06 May 2013


I love this song, and can picture that closing scene from Waking Ned Devine (by Liam O'Maonlai) whenever I hear it, but this is a beautiful rendition of The Parting Glass. Enjoy, and share.....

Published on Apr 26, 2013
Sheet music available from
The Parting Glass
Irish Traditional Arr. Desmond Earley
Mark Waters (solo vocal)
Desmond Earley (director)
UCD Choral Scholars 2012-2013
Sound Recording and Production: Kevin Whyms
Direction: Matthew Leigh
Production: Nodlag Houlihan
Recorded and videoed on Sunday 7th April 2013 in Memorial Hall, University College Dublin, Ireland.
This video and the arrangement ⓒ & ⓟ Desmond Earley 2013
Of all the money that e'er I had 
I've spent it in good company 
And all the harm that e'er I've done 
Alas it was to none but me 
And all I've done for want of wit 
To memory now I can't recall 
So fill to me the parting glass 
Good night and joy be with you all 

Of all the comrades that e'er I had 
They are sorry for my going away 
And all the sweethearts that e'er I had 
They would wish me one more day to stay 
But since it falls unto my lord 
That I should rise and you should not 
I'll gently rise and I'll softly call 
Good night and joy be with you all 

A man may drink and not be drunk 
A man may fight and not be slain 
A man may court a pretty girl 
And perhaps be welcomed back again 
But since it has so ordered been 
By a time to rise and a time to fall 
Come fill to me the parting glass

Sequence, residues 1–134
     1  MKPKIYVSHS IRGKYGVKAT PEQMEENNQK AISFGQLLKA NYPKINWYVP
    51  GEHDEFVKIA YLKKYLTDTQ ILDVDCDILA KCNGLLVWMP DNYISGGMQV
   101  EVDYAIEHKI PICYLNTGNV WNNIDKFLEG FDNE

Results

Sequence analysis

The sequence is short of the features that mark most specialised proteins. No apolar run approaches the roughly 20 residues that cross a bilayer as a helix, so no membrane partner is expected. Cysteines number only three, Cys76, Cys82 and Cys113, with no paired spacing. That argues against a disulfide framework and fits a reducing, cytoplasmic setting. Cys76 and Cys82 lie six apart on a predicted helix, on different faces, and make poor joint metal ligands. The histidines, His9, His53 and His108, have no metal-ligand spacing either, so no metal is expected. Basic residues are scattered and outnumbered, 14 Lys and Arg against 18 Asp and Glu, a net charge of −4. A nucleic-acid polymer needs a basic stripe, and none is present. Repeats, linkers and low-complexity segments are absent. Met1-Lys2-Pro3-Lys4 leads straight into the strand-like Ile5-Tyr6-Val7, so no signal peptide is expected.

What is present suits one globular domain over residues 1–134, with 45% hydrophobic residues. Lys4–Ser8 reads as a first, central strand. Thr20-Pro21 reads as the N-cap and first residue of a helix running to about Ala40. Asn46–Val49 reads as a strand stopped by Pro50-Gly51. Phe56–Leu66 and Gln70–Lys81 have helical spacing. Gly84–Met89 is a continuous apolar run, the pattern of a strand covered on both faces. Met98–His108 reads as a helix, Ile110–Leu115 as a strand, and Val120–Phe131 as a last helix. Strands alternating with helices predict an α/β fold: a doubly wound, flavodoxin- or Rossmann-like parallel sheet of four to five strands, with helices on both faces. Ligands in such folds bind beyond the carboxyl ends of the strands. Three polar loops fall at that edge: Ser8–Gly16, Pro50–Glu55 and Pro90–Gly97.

Goodnight and joy be with you all 
Goodnight and joy be with you all
"The Parting Glass" is a Scottish and Irish traditional song, often sung at the end of a gathering of friends. It was allegedly the most popular song sung in Scotland before Robert Burns wrote "Auld Lang Syne".[1]
The celebrated Irish folk song collector Colm O Lochlainn pointed out that "The Parting Glass" shares its melody with "Sweet Cootehill Town".[2] This is another traditional farewell song, this time involving a man leaving Ireland to go to America.

The song is doubtless older than its 1770 appearance in broadside, as it was recorded in the Skene Manuscript, a collection of Scottish airs written at various dates between 1615 and 1635.
[3] It was known at least as early as 1605, when a portion of the first stanza was written in a farewell letter, as a poem now known as "Armstrong's Goodnight", by one of the Border Reivers executed that year for the murder in 1600 of Sir John Carmichael, Warden of the Scottish West March.[4]The song was printed as a broadside in the 1770s, and first appeared in book form in "Scots Songs" by Herd.[1] An early version of the song is sometimes attributed to Sir Alex Boswell.
In 1998, the traditional words were set to a new, original melody by Irish composer Shaun Davey, with a revised title; "Fill to Me the Parting Glass". In 2002, he orchestrated this version for orchestra, choir, pipes, fiddle, and percussion to commemorate the opening of the Helix concert hall, Dublin, Ireland.